It is, therefore, one object of this invention to provide a child-proof safety interlock system for a microwave oven.
It is also an object of this invention to provide a safety interlock system for a microwave oven using a variable password.
It is a further object of this invention to provide a safety interlock system for a microwave oven using a variable password that is dynamically generated by the user just prior to each use.
It is still a further object of this invention to provide a safety interlock system for a microwave oven using a variable password that is always in plain view to the user so that the user does not have to remember it.
It is yet another object of this invention to provide a child-proof safety interlock system for any electrical device or appliance that can be dangerous when used by children.
These and other objects of the invention will become more apparent from the discussion below.
The above and other objects of the invention are accomplished by providing a new variable password safety interlock system for microwave ovens and other computerized or electrical appliances, which system allows the user to dynamically and automatically generate a new password immediately prior to each use. The variable password comprises some prearranged transposition or combination of numbers of digits that were already entered into the microwave or appliance control panel by the user. When this interlock system is used with microwave ovens, the user first enters digits representing the microwave time, the target food temperature, the microwave power level, the actual time of day on display or some other required combination of digits or microwave console buttons, and then presses the "Start" button. The new value of the variable password for that use of the microwave will be some prearranged transposition or combination of the digits, numbers or buttons that had just previously been pressed by the user and that appeared on the microwave control panel at the moment the user pressed the "Start" button. Preferably, the password is the digits of the microwave time just entered by the user but in reverse order. This variable password safety interlock system can also be used with other appliances. The password does not require memorization and is easy for the user to compute because the numbers are on display to the user. The variable password safety interlock is intended to prevent young children from accidentally or intentionally causing a microwave oven or other dangerous appliance to operate. This password safety interlock is child-proof because a young child will be unable to compute the ephemeral and varying password needed to operate the microwave.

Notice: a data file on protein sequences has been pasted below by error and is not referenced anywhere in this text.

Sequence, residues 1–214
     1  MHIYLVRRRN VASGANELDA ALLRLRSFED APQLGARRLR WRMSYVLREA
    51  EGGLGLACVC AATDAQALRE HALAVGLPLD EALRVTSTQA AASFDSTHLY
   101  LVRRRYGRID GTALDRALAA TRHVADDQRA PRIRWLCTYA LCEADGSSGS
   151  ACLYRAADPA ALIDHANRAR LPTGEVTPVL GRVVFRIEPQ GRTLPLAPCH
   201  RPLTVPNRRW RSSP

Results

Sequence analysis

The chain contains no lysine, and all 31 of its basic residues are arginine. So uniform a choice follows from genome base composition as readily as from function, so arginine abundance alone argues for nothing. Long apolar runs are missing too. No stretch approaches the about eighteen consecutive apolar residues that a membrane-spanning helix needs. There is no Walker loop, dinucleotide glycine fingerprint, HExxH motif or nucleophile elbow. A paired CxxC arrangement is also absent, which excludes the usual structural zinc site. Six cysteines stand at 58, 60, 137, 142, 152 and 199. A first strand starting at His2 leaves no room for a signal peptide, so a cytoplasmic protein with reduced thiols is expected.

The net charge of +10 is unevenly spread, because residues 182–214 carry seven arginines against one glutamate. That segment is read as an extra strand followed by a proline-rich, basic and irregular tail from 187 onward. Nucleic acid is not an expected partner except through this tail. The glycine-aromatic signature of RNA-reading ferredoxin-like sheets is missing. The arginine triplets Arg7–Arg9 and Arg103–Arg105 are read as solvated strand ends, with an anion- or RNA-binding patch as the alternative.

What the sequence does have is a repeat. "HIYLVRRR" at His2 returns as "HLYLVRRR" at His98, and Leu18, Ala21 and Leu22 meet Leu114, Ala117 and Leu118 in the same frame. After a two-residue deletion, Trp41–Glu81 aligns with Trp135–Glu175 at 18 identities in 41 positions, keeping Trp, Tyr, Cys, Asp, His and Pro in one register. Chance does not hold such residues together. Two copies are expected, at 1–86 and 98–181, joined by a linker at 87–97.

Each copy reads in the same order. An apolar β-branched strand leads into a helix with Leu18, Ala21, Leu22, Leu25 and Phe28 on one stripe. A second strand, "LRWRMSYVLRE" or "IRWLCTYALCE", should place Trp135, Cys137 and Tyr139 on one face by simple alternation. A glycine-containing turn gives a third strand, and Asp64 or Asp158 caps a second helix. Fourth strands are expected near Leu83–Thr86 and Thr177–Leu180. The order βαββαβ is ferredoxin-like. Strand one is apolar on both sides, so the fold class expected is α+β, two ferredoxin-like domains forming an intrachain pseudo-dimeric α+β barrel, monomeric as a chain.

The above and other objects and advantages of the invention will become apparent upon consideration of the following detailed description, in which the reference characters refer to like parts throughout and in which:
FIG. 1 shows a typical control panel for a computerized microwave oven;
FIG. 2 shows a typical sequence of control panel operations for operating a typical microwave oven; and
FIG. 3 shows a sequence of control panel operations required to operate a microwave oven equipped with the variable password safety interlock of a preferred embodiment of the present invention within its control program.
FIG. 1 represents a typical control panel 1 for a computerized microwave oven. A typical control panel 1 should preferably have the following components:
(1) a numeric display 2 for displaying the time of day when the oven is not is use and for displaying the cooking time, the cooking temperature or other variables when entered by a user;
(2) numeric digit keys 3 for use by the user when entering the correct time of day or the desired cooking time or temperature;
(3) time key 5 for enabling the user to enter the desired cooking time on the display 2;
(4) clock key 6 for enabling the user to enter the correct time of day on the display 2;
(5) cook key 7 and temperature key 8 for enabling the user to enter the desired cooking power level and cooking temperature, respectively, on the display 2; and
(6) start key 9 and stop key 10 for starting and stopping the operation of the microwave oven, respectively.
The typical operating sequence for a user using this control panel in order to microwave an item for a particular amount of time is first to press the "Time" key 5 and then to press the digits 3 representing the time, in minutes and seconds, for which the item is to be microwaved. Thus, for example, as shown in FIG. 2, in order to operate the microwave oven for two minutes and fifteen seconds, the operator would first press the "Time" key 5, next press the "2", "1" and "5" digit keys 3, and finally press the "Start" key 9. This results in displaying the selected time "2:15" on the numeric display 2 and starting the oven.